It Appears Landmark is NOT Interested in Buying ANYTHING and Something to Think About When You Watch the Morning News

Well, well, well. It appears the rumor about Landmark Communications being interested in buying WREG or WHBQ was not only off the mark, it wasn’t anywhere close. I got an email Wednesday from my source inside the organization who alerted me to the fact that Landmark wants to SELL everything. I’ve since received a couple of other emails from some other folks including former co-worker JG from out Arizona way about plans by Landmark to get rid of its holdings which include WTVF in Nashville, KLAS in Las Vegas and The Weather Channel. Some predict the family that controls Landmark could get 5 billion dollars for TWC. I wonder if it’s too late to have them adopt me? So, perhaps Oak Hill/Tribune will snap up the two Landmark TV stations now. Hey, ratings-wise both tv stations are tops in their market and those are both good markets to boot. It will be interesting to see who snaps them up or if they go as part of TWC deal. Stay tuned.

Question: What do you have if you have a dozen TV news consultants in a pit with cement up to their chins?

Answer: NOT ENOUGH CEMENT!!!! Thank you folks, I’m here all week.

Those who’ve read this blog know that I do not hold news consultants in high regard. It’s only slightly higher than the ranking of the managers who take everything a consultant says as the Gospel. Granted some consultants can come up with interesting research in a market but some of the things they come up with is downright crap when it comes to running a newsroom. I swear I think some consultants are hired by managers so the managers will have a scapegoat when the numbers don’t climb as the managers promised the owners or shareholders. And you can just about bet the farm that if a consultant offers some advice it will be countermanded at some point down the road by (you guessed it) a consultant who may even be with the same company. Having said that, check out the findings of AR&D one of the large TV consulting firms concerning morning news. According to their findings, the Morning News Wheel is DEAD. They go on to say those “water-cooler” stories are hurting your newscast. It wasn’t that long ago that we had water-cooler stories shoved down our throats by consultants. That move  ranked right up there with holding up a newspaper on-air and reading something interesting out of it for the viewers. Boy, that was always a fun time.  But I digress. Here’s what the folks at AR&D had to say:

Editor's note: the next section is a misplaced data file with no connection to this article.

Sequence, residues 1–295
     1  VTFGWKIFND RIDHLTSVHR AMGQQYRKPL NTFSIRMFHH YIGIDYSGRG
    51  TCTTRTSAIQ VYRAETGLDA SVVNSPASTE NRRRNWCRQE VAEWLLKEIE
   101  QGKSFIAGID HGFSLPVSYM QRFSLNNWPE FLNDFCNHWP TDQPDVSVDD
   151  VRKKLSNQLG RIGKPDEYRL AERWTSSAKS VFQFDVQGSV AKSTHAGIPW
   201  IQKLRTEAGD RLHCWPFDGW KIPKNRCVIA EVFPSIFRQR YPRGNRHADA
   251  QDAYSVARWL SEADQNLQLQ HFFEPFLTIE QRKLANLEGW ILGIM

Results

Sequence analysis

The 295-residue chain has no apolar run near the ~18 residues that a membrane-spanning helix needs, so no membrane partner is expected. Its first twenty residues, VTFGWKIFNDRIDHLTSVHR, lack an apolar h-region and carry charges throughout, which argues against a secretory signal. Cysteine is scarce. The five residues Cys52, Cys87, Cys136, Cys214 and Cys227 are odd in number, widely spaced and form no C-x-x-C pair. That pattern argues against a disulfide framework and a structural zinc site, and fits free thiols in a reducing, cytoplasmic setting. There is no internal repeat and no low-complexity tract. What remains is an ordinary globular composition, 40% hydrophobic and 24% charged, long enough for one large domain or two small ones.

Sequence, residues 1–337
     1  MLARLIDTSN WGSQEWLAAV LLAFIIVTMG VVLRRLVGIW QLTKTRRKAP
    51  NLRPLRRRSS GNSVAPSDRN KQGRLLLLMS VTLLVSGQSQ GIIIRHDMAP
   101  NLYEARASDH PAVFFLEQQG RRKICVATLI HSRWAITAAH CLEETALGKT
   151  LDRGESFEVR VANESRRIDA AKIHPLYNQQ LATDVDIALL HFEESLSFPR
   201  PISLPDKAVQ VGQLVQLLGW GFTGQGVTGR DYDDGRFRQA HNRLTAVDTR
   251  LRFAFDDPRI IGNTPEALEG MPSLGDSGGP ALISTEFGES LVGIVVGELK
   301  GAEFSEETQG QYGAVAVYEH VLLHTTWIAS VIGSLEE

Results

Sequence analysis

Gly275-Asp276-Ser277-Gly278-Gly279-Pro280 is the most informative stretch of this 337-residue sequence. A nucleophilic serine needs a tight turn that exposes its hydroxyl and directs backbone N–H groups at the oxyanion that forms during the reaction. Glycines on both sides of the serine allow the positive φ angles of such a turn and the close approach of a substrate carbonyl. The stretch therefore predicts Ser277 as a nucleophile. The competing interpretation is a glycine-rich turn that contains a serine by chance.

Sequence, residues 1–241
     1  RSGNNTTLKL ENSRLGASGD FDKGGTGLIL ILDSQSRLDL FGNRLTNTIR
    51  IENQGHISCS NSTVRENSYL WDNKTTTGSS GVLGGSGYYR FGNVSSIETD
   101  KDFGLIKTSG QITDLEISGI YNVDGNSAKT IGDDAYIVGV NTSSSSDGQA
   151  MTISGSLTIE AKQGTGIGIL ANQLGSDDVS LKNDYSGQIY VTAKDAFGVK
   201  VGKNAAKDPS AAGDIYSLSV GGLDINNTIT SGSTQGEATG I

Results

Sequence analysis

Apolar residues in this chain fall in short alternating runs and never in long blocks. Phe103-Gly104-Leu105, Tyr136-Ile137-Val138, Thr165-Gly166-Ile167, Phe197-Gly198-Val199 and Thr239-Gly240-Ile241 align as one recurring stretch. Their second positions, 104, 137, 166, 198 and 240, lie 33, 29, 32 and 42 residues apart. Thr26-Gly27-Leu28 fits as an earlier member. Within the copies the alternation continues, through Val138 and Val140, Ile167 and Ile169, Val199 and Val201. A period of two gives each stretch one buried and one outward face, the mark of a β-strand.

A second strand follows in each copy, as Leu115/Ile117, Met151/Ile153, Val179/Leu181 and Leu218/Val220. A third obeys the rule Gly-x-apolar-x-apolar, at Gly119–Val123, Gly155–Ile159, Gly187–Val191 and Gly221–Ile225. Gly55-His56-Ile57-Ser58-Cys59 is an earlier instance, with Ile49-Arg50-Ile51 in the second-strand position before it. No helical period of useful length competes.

What are viewers trying to get out of the morning news? It’s not about the water cooler. It’s not about trying to look smart with other people.

  • Viewers want headlines — the “what” rather than the “why.”
  • They want you to alert them to any problems they’ll need to face beyond weather and traffic.
  • They want a jump on the day’s news — not a rehash of yesterday’s news.

On top of everything else “the AR&D morning news research also revealed that, by far, the biggest driver of preference is talent – almost three times as important as format, which was second in importance”.

What will morning shows do if they aren’t allowed to “rehash” the news from the previous day? Also according to the research, the last item should be good news for the “talent” serving the morning shows. Anchors, it turns out it is indeed “all about you” so count those scripts and make sure you get your fair share of face time. If your numbers are good, you now have ammunition to hold management’s feet to the fire to get those big raises come contract negotiation time. You might want to hurry though. It could soon be time for another visit from the consultants and when they come, chances are they’ll bring some new changes and research with them.